This article includes some good news at a time when many retirement savers can use some… As you may have heard last week, the Social Security Administration announced an 8.7% cost of living increase for retirement benefits in 2023. (Source: ssa.gov ) This benefit increase applies both to those already receiving benefits AND to those not receiving benefits yet.
Those already receiving benefits will see the increased amount reflected in payments starting January 2023.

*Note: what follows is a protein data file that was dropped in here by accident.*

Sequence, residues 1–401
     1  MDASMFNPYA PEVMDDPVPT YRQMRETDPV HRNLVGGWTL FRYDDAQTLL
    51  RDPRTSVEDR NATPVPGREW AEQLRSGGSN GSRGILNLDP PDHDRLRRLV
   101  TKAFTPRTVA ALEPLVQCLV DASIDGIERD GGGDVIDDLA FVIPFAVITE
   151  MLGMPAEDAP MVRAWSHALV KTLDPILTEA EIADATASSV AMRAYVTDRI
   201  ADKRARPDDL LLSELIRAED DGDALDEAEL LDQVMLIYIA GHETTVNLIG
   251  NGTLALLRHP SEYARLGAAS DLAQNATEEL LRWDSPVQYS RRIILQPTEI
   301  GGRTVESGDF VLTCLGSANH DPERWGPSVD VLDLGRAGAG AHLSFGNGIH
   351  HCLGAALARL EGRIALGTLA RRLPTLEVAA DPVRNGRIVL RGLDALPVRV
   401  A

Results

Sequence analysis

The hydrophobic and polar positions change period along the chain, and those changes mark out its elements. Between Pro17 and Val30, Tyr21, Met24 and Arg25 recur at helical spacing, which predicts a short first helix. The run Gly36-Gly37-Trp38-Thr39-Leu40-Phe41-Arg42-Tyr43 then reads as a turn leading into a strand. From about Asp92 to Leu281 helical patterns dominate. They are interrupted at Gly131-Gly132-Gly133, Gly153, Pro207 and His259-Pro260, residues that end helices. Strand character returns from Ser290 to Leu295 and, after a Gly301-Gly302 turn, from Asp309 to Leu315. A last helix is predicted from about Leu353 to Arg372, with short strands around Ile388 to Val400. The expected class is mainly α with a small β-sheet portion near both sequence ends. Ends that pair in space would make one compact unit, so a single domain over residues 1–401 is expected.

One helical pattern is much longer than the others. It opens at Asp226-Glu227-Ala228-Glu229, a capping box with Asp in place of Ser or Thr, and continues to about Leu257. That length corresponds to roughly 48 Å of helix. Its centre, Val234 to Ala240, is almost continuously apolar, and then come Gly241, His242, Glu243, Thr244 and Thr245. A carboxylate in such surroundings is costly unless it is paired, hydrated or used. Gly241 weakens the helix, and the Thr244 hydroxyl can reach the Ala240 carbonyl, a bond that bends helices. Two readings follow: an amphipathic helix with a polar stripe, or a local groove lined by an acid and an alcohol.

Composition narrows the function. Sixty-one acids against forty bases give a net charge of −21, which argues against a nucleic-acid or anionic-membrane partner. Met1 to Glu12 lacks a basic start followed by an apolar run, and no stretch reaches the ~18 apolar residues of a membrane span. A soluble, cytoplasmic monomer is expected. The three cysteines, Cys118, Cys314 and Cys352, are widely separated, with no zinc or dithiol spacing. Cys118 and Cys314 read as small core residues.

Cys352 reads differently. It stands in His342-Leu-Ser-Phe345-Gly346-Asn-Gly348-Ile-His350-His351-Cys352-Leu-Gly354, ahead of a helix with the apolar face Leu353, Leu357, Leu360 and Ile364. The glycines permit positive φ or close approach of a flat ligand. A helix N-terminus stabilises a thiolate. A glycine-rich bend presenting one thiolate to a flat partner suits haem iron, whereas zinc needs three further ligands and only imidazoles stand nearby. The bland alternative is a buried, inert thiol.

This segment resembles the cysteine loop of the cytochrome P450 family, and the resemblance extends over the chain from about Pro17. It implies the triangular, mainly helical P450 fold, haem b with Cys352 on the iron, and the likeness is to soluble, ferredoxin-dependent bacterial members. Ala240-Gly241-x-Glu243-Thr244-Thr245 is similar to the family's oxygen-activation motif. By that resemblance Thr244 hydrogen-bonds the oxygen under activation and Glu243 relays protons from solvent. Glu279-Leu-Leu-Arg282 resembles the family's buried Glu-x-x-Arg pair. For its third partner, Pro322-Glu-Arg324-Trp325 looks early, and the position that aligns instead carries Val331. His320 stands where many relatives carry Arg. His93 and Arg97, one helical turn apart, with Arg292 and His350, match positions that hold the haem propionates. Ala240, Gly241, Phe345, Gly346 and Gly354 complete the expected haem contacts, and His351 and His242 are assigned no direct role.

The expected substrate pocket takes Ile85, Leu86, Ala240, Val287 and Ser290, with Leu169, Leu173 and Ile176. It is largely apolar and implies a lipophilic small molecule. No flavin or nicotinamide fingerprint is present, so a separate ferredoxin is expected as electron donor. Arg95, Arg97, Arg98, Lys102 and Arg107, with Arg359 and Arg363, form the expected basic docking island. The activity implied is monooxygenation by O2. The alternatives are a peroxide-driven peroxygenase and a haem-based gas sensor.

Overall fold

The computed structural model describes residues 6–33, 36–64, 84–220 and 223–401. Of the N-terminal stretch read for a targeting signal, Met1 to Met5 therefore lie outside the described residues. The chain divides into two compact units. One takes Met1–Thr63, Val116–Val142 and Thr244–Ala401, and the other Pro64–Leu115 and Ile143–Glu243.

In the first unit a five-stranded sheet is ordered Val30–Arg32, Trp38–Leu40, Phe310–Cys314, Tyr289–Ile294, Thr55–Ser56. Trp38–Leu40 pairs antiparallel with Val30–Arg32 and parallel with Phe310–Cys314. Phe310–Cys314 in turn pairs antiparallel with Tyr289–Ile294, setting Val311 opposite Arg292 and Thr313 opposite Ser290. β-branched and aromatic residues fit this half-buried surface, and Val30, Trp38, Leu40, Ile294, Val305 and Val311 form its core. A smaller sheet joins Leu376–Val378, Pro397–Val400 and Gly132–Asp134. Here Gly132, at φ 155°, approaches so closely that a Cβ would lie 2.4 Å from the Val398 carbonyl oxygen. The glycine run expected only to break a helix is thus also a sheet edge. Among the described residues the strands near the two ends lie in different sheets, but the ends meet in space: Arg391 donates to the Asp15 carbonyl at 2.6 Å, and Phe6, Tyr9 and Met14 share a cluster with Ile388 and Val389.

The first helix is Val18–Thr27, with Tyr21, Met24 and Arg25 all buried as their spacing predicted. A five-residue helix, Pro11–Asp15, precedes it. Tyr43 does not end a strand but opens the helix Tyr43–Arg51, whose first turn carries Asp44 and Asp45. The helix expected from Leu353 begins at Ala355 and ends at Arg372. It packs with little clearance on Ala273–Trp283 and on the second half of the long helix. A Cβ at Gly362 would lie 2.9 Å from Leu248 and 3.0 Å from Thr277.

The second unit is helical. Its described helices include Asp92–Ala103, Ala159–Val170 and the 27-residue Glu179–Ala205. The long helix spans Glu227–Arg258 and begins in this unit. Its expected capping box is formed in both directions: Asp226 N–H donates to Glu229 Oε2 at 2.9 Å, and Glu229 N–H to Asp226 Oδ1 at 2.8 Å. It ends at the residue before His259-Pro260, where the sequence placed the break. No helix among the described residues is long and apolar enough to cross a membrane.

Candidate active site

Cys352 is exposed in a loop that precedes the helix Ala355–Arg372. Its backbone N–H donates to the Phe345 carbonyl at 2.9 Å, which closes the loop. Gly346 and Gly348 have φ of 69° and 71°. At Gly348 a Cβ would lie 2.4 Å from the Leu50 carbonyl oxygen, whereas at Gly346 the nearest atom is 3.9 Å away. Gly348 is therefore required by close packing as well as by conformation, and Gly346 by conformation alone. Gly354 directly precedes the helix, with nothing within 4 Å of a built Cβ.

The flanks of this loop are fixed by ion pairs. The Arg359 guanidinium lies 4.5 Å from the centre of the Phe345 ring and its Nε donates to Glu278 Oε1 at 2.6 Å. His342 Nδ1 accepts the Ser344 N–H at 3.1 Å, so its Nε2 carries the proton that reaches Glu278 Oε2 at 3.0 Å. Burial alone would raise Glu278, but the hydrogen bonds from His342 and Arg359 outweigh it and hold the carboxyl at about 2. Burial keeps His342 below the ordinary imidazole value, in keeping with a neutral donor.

Those not yet receiving benefits will see the increased amount reflected on benefit projections within the ssa.gov online portal around January 2023 once annual benefit projection updates are posted. Does This Cost of Living Increase Positively Impact Long-term Planning? Yes. See charts below. The charts below assumes Jane’s benefits at age 65 were going to be $24,000 per year before the recent cost of living increase. They also assume that following the large 8.7% increase in 2023, the cost of living increase is 2% per year on average moving forward. As a result of the 8.7% cost of living increase in 2023: In Retirement Year 1 - Jane receives about $2k more per year By the time she reaches age 85 - She’ll have received about $50k more from social security. By the time she reaches age 90 - She’ll have received about $67k more from social security. If she reaches age 100 - She’ll have received about $104k more from social security. As shown above, the 8.7% cost of living increase for social security benefits in 2023 could lead to a significant increase in total lifetime benefits received. Once the government has provided a cost of living increase, they’ve never reduced that new stepped up benefit amount in future years. At least in the past, increases in social security benefits have been permanent. While reading this, some may be wondering, "how is this being paid for?" ... Good question. After all, the money has to come from somewhere (even if it's from simply printing more of it, which is finally catching up to us with the inflation we're experiencing now...) It may be reasonable to think that this large increase in social security benefits also increases the odds of future tax hikes, which increases the incentive to build Roth assets now while tax rates are still below long-term averages (see article: While Markets Down, Roth Conversion? ). Pre-tax retirement accounts will be harmed if taxes go up in the future, Roth will not (at least not under current tax rules). In summary, while high inflation does more harm than good, the large increase in social security benefits coming in 2023 is at least one potential positive from high inflation for those close to retirement and already retired. Want To Discuss This Individually? 1 - For clients: Call or email me any time as always. 2 - For non-clients: Complete the form on the website to request a retirement planning consultation: www.rolekretirement.com This is article is for informational purposes only and should not be considered as tax or legal advice. Advice is only provided after entering into an Advisory Agreement with the Advisor. See other disclosure here: Disclosures